Researchers in Sweden have developed a technique to produce rechargeable batteries made of concrete.
This approach could turn buildings themselves into energy storage systems, but has a number of issues to overcome. This follows several projects to use building materials for energy harvesting from light or heat.
The team from the Department of Architecture and Civil Engineering of Chalmers University recently developed a prototype of the concrete battery. This uses a cement-based mixture with small amounts of short carbon fibres added to increase the conductivity and flexural toughness. Then, embedded within the mixture is a metal-coated carbon fibre mesh - iron for the anode, and nickel for the cathode.
This had an average energy density of 7Wh per square metre (or 0.8 Wh per litre), ten times that of previous attempts at building a concrete battery. The energy density is still low in comparison to commercial batteries, but this is less relevant as a building can provide a large volume for storage.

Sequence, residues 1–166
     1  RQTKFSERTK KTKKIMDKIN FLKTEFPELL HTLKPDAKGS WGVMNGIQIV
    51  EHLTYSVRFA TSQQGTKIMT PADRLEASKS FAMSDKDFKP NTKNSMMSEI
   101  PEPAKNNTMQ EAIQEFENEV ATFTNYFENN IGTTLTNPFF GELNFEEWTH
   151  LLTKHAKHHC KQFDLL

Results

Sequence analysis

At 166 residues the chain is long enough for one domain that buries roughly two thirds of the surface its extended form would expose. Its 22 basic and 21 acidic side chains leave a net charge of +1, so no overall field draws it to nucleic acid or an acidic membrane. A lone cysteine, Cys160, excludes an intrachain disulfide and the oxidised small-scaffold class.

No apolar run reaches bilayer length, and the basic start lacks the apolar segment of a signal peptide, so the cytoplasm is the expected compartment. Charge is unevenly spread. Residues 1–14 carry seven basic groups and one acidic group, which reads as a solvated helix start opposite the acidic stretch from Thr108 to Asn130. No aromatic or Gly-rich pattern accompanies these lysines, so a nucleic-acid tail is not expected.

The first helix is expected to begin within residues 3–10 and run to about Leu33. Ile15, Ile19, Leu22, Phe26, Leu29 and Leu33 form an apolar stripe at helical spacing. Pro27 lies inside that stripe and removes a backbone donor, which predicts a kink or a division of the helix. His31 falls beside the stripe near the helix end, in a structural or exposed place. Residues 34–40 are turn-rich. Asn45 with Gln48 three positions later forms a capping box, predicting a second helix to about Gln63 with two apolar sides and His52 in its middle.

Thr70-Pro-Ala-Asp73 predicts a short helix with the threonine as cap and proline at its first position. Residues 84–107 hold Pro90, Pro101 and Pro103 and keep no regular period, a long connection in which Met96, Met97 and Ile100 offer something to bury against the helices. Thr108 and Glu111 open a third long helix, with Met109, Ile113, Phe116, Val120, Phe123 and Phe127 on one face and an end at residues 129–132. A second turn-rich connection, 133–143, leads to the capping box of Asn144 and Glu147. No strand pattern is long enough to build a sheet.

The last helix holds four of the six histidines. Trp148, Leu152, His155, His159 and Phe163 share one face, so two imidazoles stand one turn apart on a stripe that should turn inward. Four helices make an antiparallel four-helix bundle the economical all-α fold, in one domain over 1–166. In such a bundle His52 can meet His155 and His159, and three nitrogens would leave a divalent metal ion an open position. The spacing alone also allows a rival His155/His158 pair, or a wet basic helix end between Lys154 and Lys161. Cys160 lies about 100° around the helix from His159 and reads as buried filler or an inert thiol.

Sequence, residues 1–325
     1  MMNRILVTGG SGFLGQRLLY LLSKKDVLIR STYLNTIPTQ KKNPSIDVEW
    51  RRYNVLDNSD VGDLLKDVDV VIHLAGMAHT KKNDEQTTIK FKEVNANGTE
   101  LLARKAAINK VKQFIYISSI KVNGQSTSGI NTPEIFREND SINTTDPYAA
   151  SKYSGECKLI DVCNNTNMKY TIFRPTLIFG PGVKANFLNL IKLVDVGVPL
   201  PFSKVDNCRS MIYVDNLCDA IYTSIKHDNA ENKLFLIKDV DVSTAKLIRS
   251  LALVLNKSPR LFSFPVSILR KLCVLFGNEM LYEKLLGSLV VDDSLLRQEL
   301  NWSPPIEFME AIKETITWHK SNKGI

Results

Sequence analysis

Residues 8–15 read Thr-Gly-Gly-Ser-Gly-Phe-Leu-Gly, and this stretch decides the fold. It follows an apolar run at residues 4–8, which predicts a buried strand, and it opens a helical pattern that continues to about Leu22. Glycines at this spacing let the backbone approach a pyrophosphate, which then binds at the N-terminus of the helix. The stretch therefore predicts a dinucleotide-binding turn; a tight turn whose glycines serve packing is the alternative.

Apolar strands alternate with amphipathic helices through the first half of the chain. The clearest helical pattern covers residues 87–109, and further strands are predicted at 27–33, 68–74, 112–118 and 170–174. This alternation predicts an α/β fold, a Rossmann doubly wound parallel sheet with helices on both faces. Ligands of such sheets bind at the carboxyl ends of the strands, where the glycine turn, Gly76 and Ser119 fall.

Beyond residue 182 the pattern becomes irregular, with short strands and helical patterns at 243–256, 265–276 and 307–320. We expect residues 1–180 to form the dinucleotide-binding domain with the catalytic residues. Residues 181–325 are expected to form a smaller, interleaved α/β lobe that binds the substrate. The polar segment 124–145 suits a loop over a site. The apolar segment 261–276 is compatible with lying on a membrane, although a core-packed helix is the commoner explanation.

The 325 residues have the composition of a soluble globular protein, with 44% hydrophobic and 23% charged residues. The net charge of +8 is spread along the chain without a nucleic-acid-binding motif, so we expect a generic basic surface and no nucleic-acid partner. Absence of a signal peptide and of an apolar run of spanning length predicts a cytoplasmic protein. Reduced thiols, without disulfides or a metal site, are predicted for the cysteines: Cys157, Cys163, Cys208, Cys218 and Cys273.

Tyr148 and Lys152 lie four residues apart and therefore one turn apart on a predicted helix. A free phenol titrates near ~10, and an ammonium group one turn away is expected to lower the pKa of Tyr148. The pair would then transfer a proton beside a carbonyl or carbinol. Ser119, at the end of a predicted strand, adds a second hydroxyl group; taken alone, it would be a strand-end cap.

"Results from earlier studies investigating concrete battery technology showed very low performance, so we realised we had to think out of the box, to come up with another way to produce the electrode. This particular idea that we have developed - which is also rechargeable - has never been explored before. Now we have proof of concept at lab scale," said research Dr Emma Zhang.
"We have a vision that in the future this technology could allow for whole sections of multi-storey buildings made of functional concrete. Considering that any concrete surface could have a layer of this electrode embedded, we are talking about enormous volumes of functional concrete," she said.
The researchers see applications that could range from powering LEDs, providing 4G connections in remote areas, or cathodic protection against corrosion in concrete infrastructure.
"It could also be coupled with solar cell panels for example, to provide electricity and become the energy source for monitoring systems in highways or bridges, where sensors operated by a concrete battery could detect cracking or corrosion," said Zhang.
The technical questions remaining to be solved for commercialisation of the technique include extending the service life of the battery, and the development of recycling techniques. "Since concrete infrastructure is usually built to last fifty or even a hundred years, the batteries would need to be refined to match this, or to be easier to exchange and recycle when their service life is over. For now, this offers a major challenge from a technical point of view," said Zhang.
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